Shrimp Paste: A Natural Umami

What is Shrimp Paste?

Shrimp paste, also known as shrimp sauce, is made from fermented ground shrimp and salt, boasting a rich umami taste and a unique aroma. It’s a culinary gem revered in many Southeast Asian cuisines that adds a distinctive flavor to various dishes.

Shrimp paste has a long history, even from ancient times. It probably originates in the region encompassing present-day Malaysia and Indonesia. The production involves a meticulous process that begins with the selection of fresh and high-quality shrimp. The shrimp are cleaned, mixed with salt, and left to ferment for several weeks or even months. This fermentation process allows the flavors to develop and intensify, giving a characteristic taste.

Shrimp paste

How to make shrimp paste?

Transitioning to its production, the fermented shrimp mixture is traditionally sun-dried on trays or bamboo mats. The hot tropical sun acts as a natural dehydrator, reducing the moisture content and transforming the paste into a solid block or cake. In some modern production methods, the manufacturers use mechanical drying techniques to ensure consistency and efficiency.

The resulting shrimp paste is a dark reddish-brown block with a powerful scent that can be somewhat overwhelming to the uninitiated. However, do not let the initial aroma deter you, as its true magic lies in the transformation it brings to dishes. It possesses a depth of flavor that is unrivaled, with its umami notes adding complexity and depth to various recipes.

Applications in Cooking

Shrimp paste finds its way into a multitude of traditional Southeast Asian dishes. In Malaysian cuisine, it is a vital ingredient in sambal belacan, a fiery chili paste that serves as a cornerstone of many dishes. The piquant combination of chilies and shrimp paste creates a symphony of flavors that awakens the taste buds. From stir-fries to curries, sambal belacan infuses dishes with a rich umami kick.

Aside from its role in traditional dishes, shrimp paste can also be incorporated into modern and fusion recipes, adding a twist to familiar flavors. Chefs and home cooks have discovered its ability to enhance a wide range of dishes.

Shrimp Paste in Vietnamese Cuisine

As a Vietnamese, I cannot help but introduce to you some iconic Vietnamese dishes that incorporate shrimp paste. They are bún bò (beef rice noodle) and bún riêu cua (crab rice noodle).

Bún bò (beef rice noodle) is a popular noodle dish that features tender beef slices, rice vermicelli noodles, and a flavorful broth. While shrimp paste may not be the main ingredient in this dish, it is used in the preparation of the broth to enhance its depth of flavor. It adds a subtle umami taste that complements the fragrant herbs, bean sprouts, and lime that are commonly served alongside the dish. The combination of these elements creates a harmonious and satisfying culinary experience.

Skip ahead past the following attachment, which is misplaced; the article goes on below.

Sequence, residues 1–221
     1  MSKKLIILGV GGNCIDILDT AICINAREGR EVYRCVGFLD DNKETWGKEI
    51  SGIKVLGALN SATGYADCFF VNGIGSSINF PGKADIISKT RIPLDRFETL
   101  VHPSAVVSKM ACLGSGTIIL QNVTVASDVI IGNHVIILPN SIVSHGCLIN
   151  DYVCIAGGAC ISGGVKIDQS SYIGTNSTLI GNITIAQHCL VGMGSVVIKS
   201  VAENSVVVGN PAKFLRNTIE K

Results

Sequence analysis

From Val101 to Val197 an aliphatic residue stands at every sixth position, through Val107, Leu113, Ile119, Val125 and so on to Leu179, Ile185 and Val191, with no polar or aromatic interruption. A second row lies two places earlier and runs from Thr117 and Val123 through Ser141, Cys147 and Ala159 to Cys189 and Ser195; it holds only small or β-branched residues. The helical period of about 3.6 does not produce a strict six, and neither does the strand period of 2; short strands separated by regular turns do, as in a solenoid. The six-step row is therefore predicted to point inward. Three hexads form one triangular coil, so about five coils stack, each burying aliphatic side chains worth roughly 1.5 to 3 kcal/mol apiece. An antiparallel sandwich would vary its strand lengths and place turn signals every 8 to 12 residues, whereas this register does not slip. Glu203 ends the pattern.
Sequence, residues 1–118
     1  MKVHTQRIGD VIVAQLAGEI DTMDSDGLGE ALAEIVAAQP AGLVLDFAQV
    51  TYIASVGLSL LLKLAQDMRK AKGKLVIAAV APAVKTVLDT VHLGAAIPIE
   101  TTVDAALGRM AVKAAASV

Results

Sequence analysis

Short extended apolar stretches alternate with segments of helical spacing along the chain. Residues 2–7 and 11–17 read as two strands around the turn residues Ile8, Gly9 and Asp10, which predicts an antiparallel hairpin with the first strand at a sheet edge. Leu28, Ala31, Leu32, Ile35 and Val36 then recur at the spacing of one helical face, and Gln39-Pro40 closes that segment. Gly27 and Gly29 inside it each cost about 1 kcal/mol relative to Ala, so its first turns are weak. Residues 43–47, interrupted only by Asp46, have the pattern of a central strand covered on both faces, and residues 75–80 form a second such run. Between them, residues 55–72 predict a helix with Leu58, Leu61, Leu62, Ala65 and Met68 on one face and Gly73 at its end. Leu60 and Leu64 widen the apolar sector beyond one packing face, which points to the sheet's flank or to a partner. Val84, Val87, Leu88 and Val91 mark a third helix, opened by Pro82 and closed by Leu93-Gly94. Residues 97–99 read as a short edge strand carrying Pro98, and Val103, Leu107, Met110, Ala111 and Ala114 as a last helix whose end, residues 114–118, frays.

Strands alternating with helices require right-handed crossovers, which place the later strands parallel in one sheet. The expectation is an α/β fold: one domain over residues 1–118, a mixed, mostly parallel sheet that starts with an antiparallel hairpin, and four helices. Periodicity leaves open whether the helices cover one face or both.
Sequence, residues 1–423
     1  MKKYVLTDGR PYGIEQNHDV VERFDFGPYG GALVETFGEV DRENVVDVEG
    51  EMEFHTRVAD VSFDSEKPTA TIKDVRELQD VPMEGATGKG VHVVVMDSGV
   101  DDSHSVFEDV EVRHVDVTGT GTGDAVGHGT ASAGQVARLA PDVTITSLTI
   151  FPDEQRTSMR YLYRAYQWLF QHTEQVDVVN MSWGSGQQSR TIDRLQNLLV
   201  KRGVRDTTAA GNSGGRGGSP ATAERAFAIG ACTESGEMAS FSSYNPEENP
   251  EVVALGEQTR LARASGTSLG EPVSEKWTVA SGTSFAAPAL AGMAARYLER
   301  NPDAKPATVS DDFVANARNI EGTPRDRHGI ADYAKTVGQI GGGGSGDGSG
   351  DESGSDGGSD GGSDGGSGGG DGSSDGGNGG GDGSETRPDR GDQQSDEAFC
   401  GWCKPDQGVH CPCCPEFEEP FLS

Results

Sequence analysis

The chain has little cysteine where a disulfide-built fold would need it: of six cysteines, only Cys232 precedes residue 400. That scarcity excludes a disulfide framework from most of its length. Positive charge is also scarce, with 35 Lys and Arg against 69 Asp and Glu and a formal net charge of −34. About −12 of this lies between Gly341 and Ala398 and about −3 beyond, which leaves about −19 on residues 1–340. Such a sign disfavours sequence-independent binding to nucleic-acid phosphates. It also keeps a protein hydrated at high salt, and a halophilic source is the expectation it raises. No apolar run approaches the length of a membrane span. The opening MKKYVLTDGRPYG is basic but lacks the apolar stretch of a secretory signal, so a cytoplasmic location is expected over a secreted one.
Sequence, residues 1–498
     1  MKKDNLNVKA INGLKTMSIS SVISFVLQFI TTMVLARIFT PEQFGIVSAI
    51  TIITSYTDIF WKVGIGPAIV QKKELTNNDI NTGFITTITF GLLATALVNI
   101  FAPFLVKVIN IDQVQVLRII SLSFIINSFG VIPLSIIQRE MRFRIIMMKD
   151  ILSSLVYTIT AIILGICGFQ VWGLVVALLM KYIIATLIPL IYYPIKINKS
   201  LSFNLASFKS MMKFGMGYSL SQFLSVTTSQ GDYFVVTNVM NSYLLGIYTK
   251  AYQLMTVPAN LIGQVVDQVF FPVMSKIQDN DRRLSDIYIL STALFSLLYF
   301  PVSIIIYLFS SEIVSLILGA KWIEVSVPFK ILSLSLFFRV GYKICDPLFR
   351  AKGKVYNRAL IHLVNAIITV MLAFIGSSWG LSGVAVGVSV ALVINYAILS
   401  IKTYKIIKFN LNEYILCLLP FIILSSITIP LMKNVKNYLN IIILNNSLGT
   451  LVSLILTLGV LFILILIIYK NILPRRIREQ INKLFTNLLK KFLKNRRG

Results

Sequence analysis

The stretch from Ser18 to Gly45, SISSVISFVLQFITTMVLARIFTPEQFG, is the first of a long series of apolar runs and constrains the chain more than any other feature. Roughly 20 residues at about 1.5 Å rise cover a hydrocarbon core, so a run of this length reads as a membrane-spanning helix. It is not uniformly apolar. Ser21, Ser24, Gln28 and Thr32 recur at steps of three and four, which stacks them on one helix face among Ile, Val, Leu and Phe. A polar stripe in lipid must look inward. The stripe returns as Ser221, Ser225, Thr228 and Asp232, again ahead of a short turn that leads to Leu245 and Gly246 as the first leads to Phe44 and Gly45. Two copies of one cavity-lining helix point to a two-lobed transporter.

bun bo hue recipe
Bun Bo Hue

On the other hand, bún riêu cua is a hearty crab rice noodle soup that showcases the unique flavor of shrimp paste. The soup base is made by simmering crab meat, tomatoes, and shrimp paste together. The paste contributes its distinct umami notes, balancing the sweetness of the tomatoes and the delicate flavor of the crab. Along with the addition of fresh herbs and bean sprouts, it creates a delightful and comforting dish.

Both bún bò and bún riêu cua are examples of how shrimp paste is incorporated into Vietnamese cuisine. The use of this ingredient adds depth and complexity to these recipes, making them truly unique and memorable.

So, if you have the chance to explore Vietnamese cuisine, I highly recommend trying bún bò and bún riêu cua. These dishes beautifully showcase the flavorful influence of shrimp paste and the culinary heritage of Vietnam.

 How Long Does It Last?

The longevity of this paste largely depends on proper storage techniques. When stored correctly, it can maintain its quality for an extended period.

To determine the duration, refer to the instructions provided on the packaging. For instance, if the label reads “best before 31 Dec 2025,” the paste may still be viable until early 2026.

Shrimp paste

However, it’s the duration only if the bottle is sealed. Once opened, shrimp paste can be stored at room temperature for approximately 2 months. However, refrigerating it with the lid tightly sealed can extend its lifespan to 6 months. The cool environment of the refrigerator inhibits bacterial growth and safeguards against spoilage, while also preserving the taste and flavor. Besides, to ensure longevity, it is advisable to minimize exposure to air and moisture. These factors can contribute to spoilage. Additionally, remember to employ a clean and dry spoon when scooping the paste from the jar, promptly sealing it afterward.

Regularly inspect the consistency and aroma of the paste, particularly if it has been stored for an extended period. Should the paste develop an unusual texture, off-putting odor, or show signs of mold, it is best to discard it immediately.

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